The Texas GOP has officially declared homosexuality an “abnormal lifestyle choice.” Delegates voted to approve particularly homophobic elements in the party platform this weekend, including an endorsement of abusive ex-gay therapy. None of it would have been possible without help from the Texas GOP’s major donors: Verizon, Anheuser Busch, AT&T, and more.
Seattle's running out of money. The city's facing a budget shortfall of about $117 million in 2023. Budget cuts aren't a solution. Ask anyone in West Seattle who has been cut off from the rest of the city due to our failure to maintain bridges. The Mayor's office is "looking to find new revenue," and hopefully they can be as creative in that search as they are in finding ways to avoid saying "raise taxes."
The only Apple keynote I’m interested in. Apple employees at a Maryland store have voted to unionize, a first for the company. Workers in Atlanta are moving toward a vote as well, but accusations of union-busting have caused delays.
They didn’t. Even try. To open. The door. A source close to the investigation into one of the recent mass shootings in Texas says that cops didn’t even attempt to open the door into the Uvalde classroom where the gunman was holed up. Police previously claimed that their response was delayed by a search for a master key, but according to the source, surveillance footage shows that they didn’t even try to open the door – which, it turned out, may not even have been locked.
Down to the wire on the social housing initiative. The deadline for submitting signatures to get on the November ballot is this Wednesday. I spoke to I-135 signature-gatherers this weekend who are cautiously optimistic – they’ll definitely be on a ballot at some point, but whether they can make the deadline for the high-turnout election is still in question.
That must be one hell of an apartment. When I was growing up in the 1980s, the story they told us about why the U.S. was superior to the Soviet Union was that there were massive shortages of basic necessities in the USSR, and people there had to wait in line for hours to get anything they needed to live. Well…
These are lines to view vacant apartments in NYC. We're witnessing the collapse of the American dream in real time.pic.twitter.com/5VHzt8BS8B— Fifty Shades of Whey (@davenewworld_2) June 18, 2022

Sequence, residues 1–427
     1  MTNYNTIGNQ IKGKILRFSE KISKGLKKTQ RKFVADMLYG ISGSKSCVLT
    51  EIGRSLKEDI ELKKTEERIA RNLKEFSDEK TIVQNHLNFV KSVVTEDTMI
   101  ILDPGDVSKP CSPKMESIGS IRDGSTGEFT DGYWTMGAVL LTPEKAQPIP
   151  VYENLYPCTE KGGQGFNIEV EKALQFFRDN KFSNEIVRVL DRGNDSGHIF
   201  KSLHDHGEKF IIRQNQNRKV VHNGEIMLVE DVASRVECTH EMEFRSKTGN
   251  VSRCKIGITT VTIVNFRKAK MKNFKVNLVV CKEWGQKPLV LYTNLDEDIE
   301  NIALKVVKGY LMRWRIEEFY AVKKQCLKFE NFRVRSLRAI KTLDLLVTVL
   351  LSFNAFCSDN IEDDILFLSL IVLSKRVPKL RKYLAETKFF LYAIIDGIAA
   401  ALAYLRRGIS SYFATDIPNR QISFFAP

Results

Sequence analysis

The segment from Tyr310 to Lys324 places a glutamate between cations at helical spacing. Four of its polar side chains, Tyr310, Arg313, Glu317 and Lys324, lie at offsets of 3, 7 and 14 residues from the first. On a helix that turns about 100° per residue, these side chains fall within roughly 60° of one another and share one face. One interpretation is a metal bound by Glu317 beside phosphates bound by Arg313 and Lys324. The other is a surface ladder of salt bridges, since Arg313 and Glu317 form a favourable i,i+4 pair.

How close did we come to violence at Anacortes Pride? As Hannah reported last week, a North Whidbey resident had been making increasingly violent threats against Anacortes’ first-ever Pride. Initially police said they weren’t going to take action, but after a public outcry they took Tyler R. Dinsmoor into custody. Pride went ahead with “nothing but good vibes” and everyone had a lovely time, with the possible exception of Tyler.
Seattle streets are killing people, as they are designed to do. The Seattle Times has a great deep-dive into a symptom of a much larger problem: Seattle’s streets are designed to move vehicles first and to keep people alive second. Though the article zeroes-in on a particularly harrowing area around the Columbia City station, fatalities continue to be a problem citywide. Despite a pledge to meet Vision Zero (that is, zero fatalities) by 2030, traffic deaths are actually trending up in Seattle. City Council will hear a presentation from SDOT on Vision Zero tomorrow, which is only the second time City Council has addressed the issue since 2020, when Alex Pedersen became transpo chair). Ryan Packer over at The Urbanist reports that nobody from Mayor Harrell’s office is listed as attending tomorrow’s meeting.
We know how to solve this problem. It’s not like there’s some esoteric mystery about how to achieve Vision Zero. Cities in Europe have done it. Cities in the US have done it. How? By actually changing the way streets are laid out, rather than just claiming that they want to make changes sometime in the future, and then trapping themselves in a never-ending loop of studies and outreach without making any changes.
Meanwhile, we’re stuck with this. These streets are supposed to have 20mph speed limits. This does not look like the aftermath of cars traveling 20 mph.
Please enjoy this witch. For decades, weird-media archivists have searched for the “lost” episode of Sesame Street featuring Margaret Hamilton, aka the Wicked Witch of the West. In 1976 it was broadcast once, but then it got shelved for being too scary. Now, a surprisingly crisp copy has been found and uploaded to, of all places, Reddit.
Supreme Court upholds marriage ban in Japan. Three same-sex couples challenged the country's ban on marriage equality, using a tactic not unlike the one that worked in the US, but the court has ruled against them.
Multiple kids are dead after New York cops defunded lifeguards. Rough waves drowned two teenagers this weekend near Rockaway Beach on Friday. Two thirteen-year-olds drowned the week before. The City hasn’t been able to hire enough lifeguards. They say there’s a nationwide lifeguard shortage, but the City only pays $16/hour. Cities that increased pay for lifeguards haven’t had the same trouble with staffing. Meanwhile, New York is proposing a nearly $6 billion budget for cops.
Please cuddle. After recovering from some sniffles, Roger is ready to adopt.
Roger is a TX tabby whose dreams of being adopted were sidelined by an upper respiratory infection when he arrived last month. He's feline fine now, and looking for a family in time for Caturday cuddles! https://t.co/khsIhiVBqf pic.twitter.com/GsyDaq3pMM— Seattle Humane (@SeattleHumane) June 17, 2022